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Dems Break GOP's Attempted Filibuster in the Senate, But Proposed Wall Street Reforms Are Pretty Flimsy

The good news: Democrats didn't sacrifice much to break the GOP filibuster. The bad news: the Wall Street reform bill is still too weak.
 
 
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The Republican Party finally acknowledged on Wednesday that it is unwilling to alienate voters by continuing to block even debate on Wall Street reform. The good news: Democrats do not appear to have given much ground on negotiations this week as Republicans threw up their blockade. The bad news: without significant strengthening, the financial reform bill advanced by Sen. Chris Dodd, D-Conn., will be too weak to end big bank abuses.

The legislation that cleared the Senate Banking Committee in March appears to have undergone two key changes amid this week's GOP filibuster. Only one of these changes is a concession to Republicans. The other change is an unnecessary giveaway to Wall Street that Democrats have concocted on their own.

Let's start with the self-inflicted wound. Dodd's effort to rein in derivatives -- the crazy contracts that killed AIG -- wasn't very good, but a competing bill from Sen. Blanche Lincoln, D-Ark., was much better. When Democrats combined the two bills this week, they kept many of Lincoln's strong provisions, but ditched one very important rule.
Lincoln would have banned any derivatives that constitute outright gambling. Some derivatives help companies hedge risks, but others are just straightforward bets a Las Vegas bookie could set up for you. This is the kind of trading that got Goldman Sachs into trouble with the Securities and Exchange Commission. But the SEC isn't accusing Goldman of fraud for gambling, it's accusing Goldman of fraud for lying and gambling , which is why
Lincoln
's language would have helped.

So it's a bummer that this provision is now gone. But it gets worse. The biggest source of trouble with derivatives is the fact that the entire market operates in secret . Banks trade with each other, and that's the end of it. Nobody else in the market verifies the trade, and no regulator supervises it. There are two ways to deal with this, and ideally, we'd use both. First, we can simply ban abusive or risky trades (that is no longer included in the bill). Second, we can shed some light on all trades by requiring market players to sign off on them, and let regulators watch over the trades. This would ensure that no company -- let's call it AIG -- builds up trillions of dollars in risky bets it cannot possibly make good on.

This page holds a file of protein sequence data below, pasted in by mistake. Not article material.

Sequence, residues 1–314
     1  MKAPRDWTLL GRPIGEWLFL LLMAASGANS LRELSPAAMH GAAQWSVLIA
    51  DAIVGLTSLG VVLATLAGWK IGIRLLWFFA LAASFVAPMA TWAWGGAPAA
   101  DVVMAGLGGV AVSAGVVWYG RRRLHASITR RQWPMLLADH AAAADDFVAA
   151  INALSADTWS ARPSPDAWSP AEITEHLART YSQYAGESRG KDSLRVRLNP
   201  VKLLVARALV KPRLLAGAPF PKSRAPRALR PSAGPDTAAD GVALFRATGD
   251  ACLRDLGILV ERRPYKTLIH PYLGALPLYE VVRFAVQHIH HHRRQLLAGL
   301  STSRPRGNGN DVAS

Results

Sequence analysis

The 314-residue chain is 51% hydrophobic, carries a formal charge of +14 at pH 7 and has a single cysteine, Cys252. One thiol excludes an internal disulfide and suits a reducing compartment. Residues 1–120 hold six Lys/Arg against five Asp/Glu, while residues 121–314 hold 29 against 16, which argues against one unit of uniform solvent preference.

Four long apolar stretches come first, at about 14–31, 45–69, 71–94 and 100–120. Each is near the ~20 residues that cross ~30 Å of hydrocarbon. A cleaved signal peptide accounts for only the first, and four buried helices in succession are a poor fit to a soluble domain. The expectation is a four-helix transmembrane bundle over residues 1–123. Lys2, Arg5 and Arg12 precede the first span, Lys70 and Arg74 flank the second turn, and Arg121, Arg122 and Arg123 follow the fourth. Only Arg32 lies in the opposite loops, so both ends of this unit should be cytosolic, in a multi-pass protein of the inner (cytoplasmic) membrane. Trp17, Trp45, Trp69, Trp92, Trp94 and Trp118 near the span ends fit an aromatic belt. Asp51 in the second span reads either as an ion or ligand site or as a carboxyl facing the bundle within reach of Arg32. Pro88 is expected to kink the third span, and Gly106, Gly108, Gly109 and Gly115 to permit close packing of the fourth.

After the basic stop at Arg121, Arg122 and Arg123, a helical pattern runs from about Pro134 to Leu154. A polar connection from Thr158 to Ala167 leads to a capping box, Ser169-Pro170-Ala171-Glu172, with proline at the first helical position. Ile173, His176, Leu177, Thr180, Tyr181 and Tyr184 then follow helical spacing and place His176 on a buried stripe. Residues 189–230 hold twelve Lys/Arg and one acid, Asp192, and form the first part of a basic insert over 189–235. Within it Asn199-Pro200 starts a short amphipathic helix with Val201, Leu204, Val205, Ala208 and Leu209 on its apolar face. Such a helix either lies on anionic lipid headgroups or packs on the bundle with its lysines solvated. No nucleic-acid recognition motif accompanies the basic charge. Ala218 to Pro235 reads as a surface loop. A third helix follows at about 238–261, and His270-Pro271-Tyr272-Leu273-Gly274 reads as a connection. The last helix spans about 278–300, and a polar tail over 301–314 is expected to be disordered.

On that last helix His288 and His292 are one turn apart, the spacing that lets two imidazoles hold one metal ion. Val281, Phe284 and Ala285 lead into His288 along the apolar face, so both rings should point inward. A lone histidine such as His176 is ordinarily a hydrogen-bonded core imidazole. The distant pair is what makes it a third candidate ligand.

This process is called "central clearing." If AIG can't pay off its bet with another company, then a "central" party that "cleared" the trade will pay it off for them. That prevents a cascade of defaults that can bring down the entire economy. Central clearing alone is not enough to fix the derivatives market, but the market can't be fixed without central clearing.


Lincoln
's bill required central clearing for almost every derivatives trade, and the Dodd-Lincoln mash-up includes that language. Unfortunately, it also includes a brief section that completely undercuts that new rule. (For wonks, it's Section 739, paragraphs A and B.) Under the current bill, there is no penalty for anybody who fails to centrally clear their trades—even though the bill labels this activity illegal. What's more, even though this behavior is illegal, the trade itself is still valid . In other words, banks are required to bring their trading into the open. But if they don't shed light on their trades, nothing will happen to them. I wonder what banks will choose.

"That's breathtaking," says Michael Greenberger, who served as Brooksley Born's top deputy at the Commodity Futures Trading Commission during the late 1990s. "It's essentially telling the world that we have all of these rules, but we aren't going to enforce them." Born and Greenberger spearheaded an effort to regulate derivatives during the Clinton years that was thwarted by Alan Greenspan, Larry Summers and Robert Rubin.